The environment is taken at 10°C.02 10% of investment. the inflow to the well is free of charge. Y.006 110 120 130 1 40 150 160 170 180 190 200 Geothermal fluid temperature [°C] FIGURE 3: Unitary well exergy cost REFERENCES Bejan. Utilization time is assumed 0. and Boles. but when the fluid has reached the surface the exergy stream from the well has to carry the field development. but lower quality steam. and the well is low enthalpy. J. Yearly capital cost and operation and 0. A.012 0.. Two production wells are drilled and one re-injection well. 1056 pp. and finally boiling will occur in the formation. Scaling may occur in the formation. destroying the well. higher steam ratio from the separator.018 8000 hours per year..Valdimarsson 6 Basic concepts of thermoeconomics flow. the lower in the well the boiling of the fluid will start. Pergamon Press. Wiley. 2003: Thermoeconomics of energy conversions. 276 pp. 1996: Thermal design and optimization. New York. EXAMPLE OF COST CALCULATION Assume that the field development and well cost amounts to 5 000 000 € for each well. usually with horrible results. Cengel. case studies and environmental impact (2nd edition). El-Sayed. Non-condensable gas in the fluid may require gas extraction system with the associated parasitic loss.022 maintenance are taken as 0..014 0. These results show. Tsatsaronis. M. The lower the wellhead pressure. G. From the viewpoint of thermoeconomics. Therefore the power plant designer is bound by the fluid enthalpy and chemistry for his selection of the design parameters. 2002: McGraw-Hill. Butterworth-Heinemann (Elsevier). applications. and will more or less determine which power plant type can be used. 1 bar pressure.. To disregard the comments of the geochemist is a sure way to failure. that a substantial part of the final cost of electricity is already defined by the well. The fluid chemistry is another decisive factor. The field enthalpy is a major criterion for the power plant design. If we could buy an ideal lossless power plant at zero price. Corrosion may require certain materials or the use of additives. this would be the final cost of electricity. Scaling behaviour of the fluid usually demands a certain minimum geothermal fluid temperature to be held throughout the entire power plant.. The well production is 150 kg/s. Y. producing only liquid water. 0. R. Specific cost [€/kWh] Under these assumptions the well exergy flow can be calculated as well as the unitary exergy cost. Oxford. and Moran. 2008: Geothermal power plants: Principles... DiPippo. M.01 0. .008 0.A. drilling and well construction investment cost. M. Thermodynamics: An engineering approach (4th edition). 560 pp. 4. 520 pp.016 0.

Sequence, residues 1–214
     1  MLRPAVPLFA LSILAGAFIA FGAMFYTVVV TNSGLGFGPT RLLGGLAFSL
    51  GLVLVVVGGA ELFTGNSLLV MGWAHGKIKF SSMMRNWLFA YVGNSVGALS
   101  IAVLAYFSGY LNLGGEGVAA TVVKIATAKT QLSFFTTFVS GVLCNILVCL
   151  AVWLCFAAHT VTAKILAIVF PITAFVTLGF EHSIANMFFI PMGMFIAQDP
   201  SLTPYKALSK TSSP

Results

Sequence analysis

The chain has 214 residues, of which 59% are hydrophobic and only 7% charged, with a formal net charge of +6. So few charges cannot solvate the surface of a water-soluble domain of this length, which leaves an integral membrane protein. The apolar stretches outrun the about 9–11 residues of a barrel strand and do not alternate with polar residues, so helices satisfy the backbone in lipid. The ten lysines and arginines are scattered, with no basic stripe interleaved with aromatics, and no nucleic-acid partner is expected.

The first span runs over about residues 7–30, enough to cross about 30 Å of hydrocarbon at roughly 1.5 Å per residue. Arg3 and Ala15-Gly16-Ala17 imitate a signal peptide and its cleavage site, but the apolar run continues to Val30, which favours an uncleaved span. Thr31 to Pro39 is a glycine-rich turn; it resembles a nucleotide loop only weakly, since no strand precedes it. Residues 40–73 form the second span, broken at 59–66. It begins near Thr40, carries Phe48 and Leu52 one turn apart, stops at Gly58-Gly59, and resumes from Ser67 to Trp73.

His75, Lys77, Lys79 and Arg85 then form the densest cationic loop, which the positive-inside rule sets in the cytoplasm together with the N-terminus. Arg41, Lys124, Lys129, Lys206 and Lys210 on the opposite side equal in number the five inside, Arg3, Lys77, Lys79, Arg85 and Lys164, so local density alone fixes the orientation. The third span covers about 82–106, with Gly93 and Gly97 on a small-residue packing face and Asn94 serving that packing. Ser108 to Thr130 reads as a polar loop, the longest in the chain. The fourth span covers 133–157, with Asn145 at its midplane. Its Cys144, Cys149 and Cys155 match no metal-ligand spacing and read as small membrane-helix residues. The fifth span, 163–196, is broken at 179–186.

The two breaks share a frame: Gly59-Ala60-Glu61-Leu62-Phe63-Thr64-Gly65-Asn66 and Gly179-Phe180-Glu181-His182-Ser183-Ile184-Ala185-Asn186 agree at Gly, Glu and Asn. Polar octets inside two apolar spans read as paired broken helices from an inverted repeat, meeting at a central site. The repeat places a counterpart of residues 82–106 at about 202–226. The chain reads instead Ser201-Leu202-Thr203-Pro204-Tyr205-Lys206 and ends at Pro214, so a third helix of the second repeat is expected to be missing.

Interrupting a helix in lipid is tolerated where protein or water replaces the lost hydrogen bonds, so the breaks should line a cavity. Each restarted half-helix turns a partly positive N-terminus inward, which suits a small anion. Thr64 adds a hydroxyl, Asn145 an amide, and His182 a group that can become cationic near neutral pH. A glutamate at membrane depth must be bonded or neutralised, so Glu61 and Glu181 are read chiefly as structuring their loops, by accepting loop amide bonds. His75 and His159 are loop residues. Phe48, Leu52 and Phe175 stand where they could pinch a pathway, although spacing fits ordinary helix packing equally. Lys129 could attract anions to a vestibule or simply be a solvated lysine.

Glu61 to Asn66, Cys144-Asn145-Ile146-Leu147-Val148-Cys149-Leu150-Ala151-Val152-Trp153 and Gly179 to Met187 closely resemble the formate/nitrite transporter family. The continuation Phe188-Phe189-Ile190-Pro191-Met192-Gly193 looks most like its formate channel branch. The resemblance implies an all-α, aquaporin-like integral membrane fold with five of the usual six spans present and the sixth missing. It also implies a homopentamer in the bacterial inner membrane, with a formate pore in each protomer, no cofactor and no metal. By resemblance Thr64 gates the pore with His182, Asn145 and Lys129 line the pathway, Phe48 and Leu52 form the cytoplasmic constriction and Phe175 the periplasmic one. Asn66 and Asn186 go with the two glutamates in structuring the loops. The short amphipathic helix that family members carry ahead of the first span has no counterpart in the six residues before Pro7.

August 14-16. Norway. chemical. 71 pp.. Springer-Verlag. and Steward. R. Butterworths. Academic Press. Morris. Proc. Dept. Szargut. Trondheim. of the 8th International Symposium on District Heating and Cooling. F. of Mechanical Engineering. . G... 320 pp... 1985: The exergy method of thermal plant analysis.. R. 400 pp. 2002: Cogeneration of district heating water and electricity from a low temperature geothermal source. P. MSc thesis. T. J. Berlin. 2002: Optimization of low temperature heat utilization for production of electricity. University of Iceland. J. D. and metallurgical processes. Thórólfsson.Basic concepts of thermoeconomics 7 Valdimarsson Kotas. Valdimarsson. 1988: Exergy analysis of thermal. London. NEFP and the International Energy Agency.